More than 200 of Britain’s top celebrities, including movie stars Ralph Fiennes, Keira Knightley and Benedict Cumberbatch, and playwrights Tom Stoppard and David Hare, have called on the British government to reinstate a resettlement program for child refugees.
Only 200 unaccompanied children have been accepted under the nine-month plan. Another 150 will be admitted in the next few weeks before it is closed.
In an open letter Tuesday addressed to Britain’s Prime Minister Theresa May, the celebrities describe as “truly shameful” the decision to stop the program. “The idea that as a country we will slam the door shut after just 350 children have reached safety is completely unacceptable,” they wrote.
“The country we know and love is better than this,” they added.
The plan to admit lone child refugees wandering in Europe after fleeing the Mideast was never a government idea in the first place. The government set it up reluctantly after lawmakers and peers passed an amendment to new immigration legislation last April. The lawmakers expected the number of unaccompanied children admitted would be more like 3,000. It took five months after the passing of the amendment for the government to resettle any child refugees stranded in Europe.
Britain’s "red-top" tabloid newspapers reacted furiously when the first handful of child refugees, who had been at a camp in Calais, were admitted under the plan, arguing on the basis purely of photographs that they weren’t kids. They raised the specter the resettled refugees posed a security risk, which some observers say influenced the government’s already jaundiced attitude toward the program.
The amendment creating the program was proposed by Alf Dubs, a Labour peer who as a six-year-old was one of 669 mostly Jewish children who fled Czechoslovakia in 1939 and were admitted into Britain thanks to the voluntary efforts of a young British stockbroker, Nicholas Winton.
In their letter, the celebrities noted the plan wouldn’t match Winton’s efforts in wartime Europe by the time it is closed. Nor, they argue, will it compare favorably to Britain’s Kindertransport humanitarian program, which ran between November 1938 to September 1939 and oversaw the admittance of 10,000 mostly Jewish children who fled Nazi Europe.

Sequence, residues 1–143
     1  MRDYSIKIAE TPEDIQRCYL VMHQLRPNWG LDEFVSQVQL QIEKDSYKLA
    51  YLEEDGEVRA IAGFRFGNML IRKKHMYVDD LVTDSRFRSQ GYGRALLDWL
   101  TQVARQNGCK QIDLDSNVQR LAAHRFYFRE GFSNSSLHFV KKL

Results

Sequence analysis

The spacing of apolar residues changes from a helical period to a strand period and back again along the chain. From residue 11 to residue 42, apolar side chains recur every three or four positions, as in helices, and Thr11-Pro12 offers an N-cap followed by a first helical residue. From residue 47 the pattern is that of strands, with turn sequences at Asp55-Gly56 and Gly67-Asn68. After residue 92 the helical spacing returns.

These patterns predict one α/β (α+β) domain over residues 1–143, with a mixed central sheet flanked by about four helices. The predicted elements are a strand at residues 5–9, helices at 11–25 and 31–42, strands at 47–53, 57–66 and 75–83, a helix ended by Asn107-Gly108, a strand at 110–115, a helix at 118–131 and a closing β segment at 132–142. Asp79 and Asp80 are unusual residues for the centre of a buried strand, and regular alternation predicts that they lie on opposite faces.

The wartime government agreed to speed up the immigration process by issuing travel documents to the Kindertransport children on the basis of group lists, rather than individual applications.
Announcing the winding down of the so-called "Dubs scheme", government Minster Amber Rudd argued last Thursday, “it acts as a magnet and encourages people traffickers.” She said most vulnerable children were stuck in camps in Jordan and Lebanon, from where the government still intends to bring 3,000 to Britain, the number lawmakers were led to believe would be admitted under the Dubs amendment.
But refugee campaigners doubt the sincerity of the government when it comes to increasing the tally of refugees from the Mideast and Horn of Africa. Especially as a separate, accelerated arrangement to bring in unaccompanied refugee children who have family members already living in Britain is to be scrapped also.
The government’s argument the "Dubs scheme" incentivizes children to make perilous journeys across Europe that risk them falling into the hands of people traffickers, is dismissed by refugee campaigners. They say with or without resettlement plans in Europe and Britain refugees will keep coming.
Ending the program will put child refugees more at the mercy of traffickers, argues Aidan McQuade, director of Anti-Slavery International, a London-based rights group.
“The absence of a comprehensive approach to the refugee crisis in the Mediterranean, particularly the absence of safe migration options for vulnerable people fleeing war has been the single greatest factor to increase the risk of human trafficking in Europe over the past two years,” he said.
The comparisons campaigners and Alf Dubs have drawn with the Kindertransport and the Holocaust has drawn impassioned rebuttals from opponents. “Neither the Syrian civil war, brutal and unspeakable as it is, nor any other current conflict can be compared to the Holocaust,” argues commentator Melanie Phillips.
Writing in The Times newspaper, she said. “Today’s migrant crisis is part of a mass movement of people, not all of them refugees, which threatens to engulf western Europe ... It is nauseating that the Holocaust is being used as an emotional bludgeon, so that anyone who supports restrictions on today’s migrants is not only attacked as a heartless monster, but also for somehow betraying the memory of the victims of Nazism.”
In January 2016, Europol, a European Union agency, estimated 10,000 child refugees had disappeared after arriving unaccompanied in Europe. The agency said it feared many had become victims of exploitation. European authorities estimated that nearly 90,000 unaccompanied children from the Middle East and Africa sought asylum in Europe in 2015.